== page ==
“Cecil wanted to keep the Aragon Road as a rural road with trees, and he opposed a planned subdivision that Mr. Chippier had surveyed and laid out on the land opposite of Jack Colden’s house, north of the road, just west of Fitzpatrick Road, about 75 acres. Cecil won that fight and the development came to nothing.

“The big house on the lake across the road from that land, was built by Chippier who owned a Tim Horton’s store, on Princess Street, corner McDonnell. Chippier sold the house to Jack Colden in 1983 who also bought most of that land on the north side of Aragon Road. It’s still used for taking hay off. It’s for sale again, I noticed.

“That limestone house just east of the boat ramp, that’s where Dr. & Mrs. McCuaig lived. He was Superintendent of the Rockwood Psychiatric Hospital.[ix] They had cattle on what’s now Keirstead’s farm at the end of the road, they rented that land from the Co-op.[x]  Their cows often broke out and then we herded them back over our fields south of the Aragon Road and the road itself. That was something else…

“And did you know that the house on Fitzpatrick Road had a native person renting part of the house and he had four wolves in a pen about two years ago? Henry delivered hay and straw for bedding. Sometimes you could hear them howling. That person left after about a year ago.”

End notes:

[i] Former Kingston firefighter recalls one of the more spectacular fires in the city. The Kingston Whig Standard.


[iii] Despite dissolution, Sunnyside’s work will continue. At:

[iv] Queen’s archives: Orphans’ Home and Widows’ Friend Society, which established and maintained an orphanage in Kingston from 1857 and 1947, and since then a home for children called Sunnyside Children’s Centre on Union Street, Kingston, ON.

[v] See Wilma remembers at:

[vi] Pressure cooker at:


[viii] See Wilma Remembers. At:

[ix] Kingston General Hospital, A Social and Institutional History.

[x] See Marjorie Allen story at:


colours oct 2011 graham prop.ajpg

The Graham Farm on our Aragon Road. Photo by henk Wevers fall 2015.

To read more about the Oral History by people who lived on the road click the photo of Graham’s barn yard, below.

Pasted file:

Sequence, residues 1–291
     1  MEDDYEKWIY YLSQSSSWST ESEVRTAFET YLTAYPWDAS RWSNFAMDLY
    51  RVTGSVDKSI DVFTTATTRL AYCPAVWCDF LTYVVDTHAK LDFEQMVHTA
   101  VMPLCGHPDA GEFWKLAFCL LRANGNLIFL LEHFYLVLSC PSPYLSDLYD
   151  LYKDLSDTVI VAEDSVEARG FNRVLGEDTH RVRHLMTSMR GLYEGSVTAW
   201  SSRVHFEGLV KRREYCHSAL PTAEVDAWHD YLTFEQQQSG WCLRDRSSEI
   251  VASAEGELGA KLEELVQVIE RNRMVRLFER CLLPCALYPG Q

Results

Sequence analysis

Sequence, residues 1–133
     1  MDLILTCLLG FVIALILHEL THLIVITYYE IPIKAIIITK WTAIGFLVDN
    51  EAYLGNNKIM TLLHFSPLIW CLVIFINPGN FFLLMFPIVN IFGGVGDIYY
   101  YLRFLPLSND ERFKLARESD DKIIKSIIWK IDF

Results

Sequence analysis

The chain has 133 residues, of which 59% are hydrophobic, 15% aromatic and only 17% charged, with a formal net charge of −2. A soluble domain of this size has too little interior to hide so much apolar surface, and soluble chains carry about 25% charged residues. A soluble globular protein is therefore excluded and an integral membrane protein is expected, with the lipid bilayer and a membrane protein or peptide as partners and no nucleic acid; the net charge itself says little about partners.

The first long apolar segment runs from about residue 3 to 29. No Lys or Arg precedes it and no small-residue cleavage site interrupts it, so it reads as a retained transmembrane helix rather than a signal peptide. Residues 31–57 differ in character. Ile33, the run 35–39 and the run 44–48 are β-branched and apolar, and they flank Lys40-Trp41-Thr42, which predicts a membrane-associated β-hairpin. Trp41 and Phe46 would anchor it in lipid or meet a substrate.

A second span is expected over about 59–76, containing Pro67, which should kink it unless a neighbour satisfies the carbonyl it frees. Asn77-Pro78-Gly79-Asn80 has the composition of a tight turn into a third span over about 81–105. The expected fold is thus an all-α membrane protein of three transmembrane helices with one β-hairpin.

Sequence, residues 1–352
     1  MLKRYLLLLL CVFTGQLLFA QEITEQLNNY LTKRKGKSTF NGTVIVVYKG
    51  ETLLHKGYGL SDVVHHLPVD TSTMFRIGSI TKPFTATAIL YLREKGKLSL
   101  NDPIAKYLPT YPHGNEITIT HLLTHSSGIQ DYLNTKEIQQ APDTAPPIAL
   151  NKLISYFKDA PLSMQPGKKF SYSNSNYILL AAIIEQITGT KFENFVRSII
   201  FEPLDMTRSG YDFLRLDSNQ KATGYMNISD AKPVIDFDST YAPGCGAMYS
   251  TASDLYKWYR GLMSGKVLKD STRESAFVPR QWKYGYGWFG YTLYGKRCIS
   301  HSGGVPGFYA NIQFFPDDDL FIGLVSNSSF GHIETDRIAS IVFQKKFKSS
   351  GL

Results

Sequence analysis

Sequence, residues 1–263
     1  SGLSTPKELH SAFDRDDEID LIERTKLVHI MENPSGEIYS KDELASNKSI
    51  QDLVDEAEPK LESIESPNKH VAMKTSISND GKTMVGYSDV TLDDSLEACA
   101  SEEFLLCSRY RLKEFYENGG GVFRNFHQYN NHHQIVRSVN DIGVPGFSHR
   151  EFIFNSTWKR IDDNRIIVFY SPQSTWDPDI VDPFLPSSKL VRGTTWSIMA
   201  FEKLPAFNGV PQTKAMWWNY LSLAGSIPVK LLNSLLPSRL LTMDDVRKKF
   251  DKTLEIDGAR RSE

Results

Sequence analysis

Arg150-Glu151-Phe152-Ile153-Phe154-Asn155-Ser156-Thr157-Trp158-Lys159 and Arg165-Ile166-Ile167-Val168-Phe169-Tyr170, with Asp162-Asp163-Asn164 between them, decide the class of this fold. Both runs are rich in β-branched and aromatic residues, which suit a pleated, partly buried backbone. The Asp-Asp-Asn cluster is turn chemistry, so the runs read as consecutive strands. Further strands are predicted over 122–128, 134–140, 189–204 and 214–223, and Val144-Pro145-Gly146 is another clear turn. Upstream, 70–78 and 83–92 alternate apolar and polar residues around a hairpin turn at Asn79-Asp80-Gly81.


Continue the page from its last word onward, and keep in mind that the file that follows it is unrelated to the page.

graham cows barn nov 2014 b


October Glory on the Aragon Road

he Aragon Road exploded in a full spectrum of Fall colours. It happened almost instantly around October 17.  We all thought that the drought had put the trees in a period of dormancy and that we could not expect much colour. Well maybe because of the drought the trees are now happy that late fall and winter are over the horizon and they can take an extended period of rest. Here is a photo essay of what you see along the road when going to work or just when out for a stroll…

The new Header photo of coloured maples with Colonel By Lake in the background was taken by Jackie Duffin on our road, many thanks for sharing the picture.


In the field on the north side of the road looking towards the Graham farm


At the Graham farm on Aragon Road





From the boat ramp going east towards the end of Aragon




The oldest and grandest tree on the Aragon Road at the Wolfe’s limestone heritage house just past the boat ramp. Trying to keep up in old age with all the colour around it.


To go to the INDEX for a listing of all the posts and stories click on the photo below.



The ospreys have fledged and it is time to update our neighbours on the nesting success of the couples that build their “homes” along Colonel By Lake and the River Styx. Here are the locations from 2002 to the last update of 2013, three years ago. What has changed in the last three years? This is the latest for 2016.

osprey map 2013

The “big star” in this map is the couple that started their nest in 2002, the first osprey settlement on Colonel By Lake since we monitored them. Jack Colden had erected a telephone pole with a 6×6 nest box on top two years  before and in 2012 the couple started to make their home. For more click here.

The nest toppled over in the spring of 2014 just before the arrival of the birds from their wintering grounds in Florida. The pair moved to another empty platform about 200 meter to the east, also set up by the Coldens just as an extra site , in this case a good backup. There, the ospreys successfully hatched two young each year from 2014 to 2016. This couple produced over the years more than thirty offspring. Survival rate in the first year is about fifty percent, so probably fifteen or more of their young have families now and some of these are around our area on Colonel By Lake and the River Styx.

osprey dickinson july 19 2016 This is the original nesting area on Colonel By Lake. The parents might be the 2002 originals.  Here one parent and a young is shown, the other young is inside the deep nest and the second parent is hunting for food. Photos by Henk Wevers.

osprey dickinson july 19 2016 b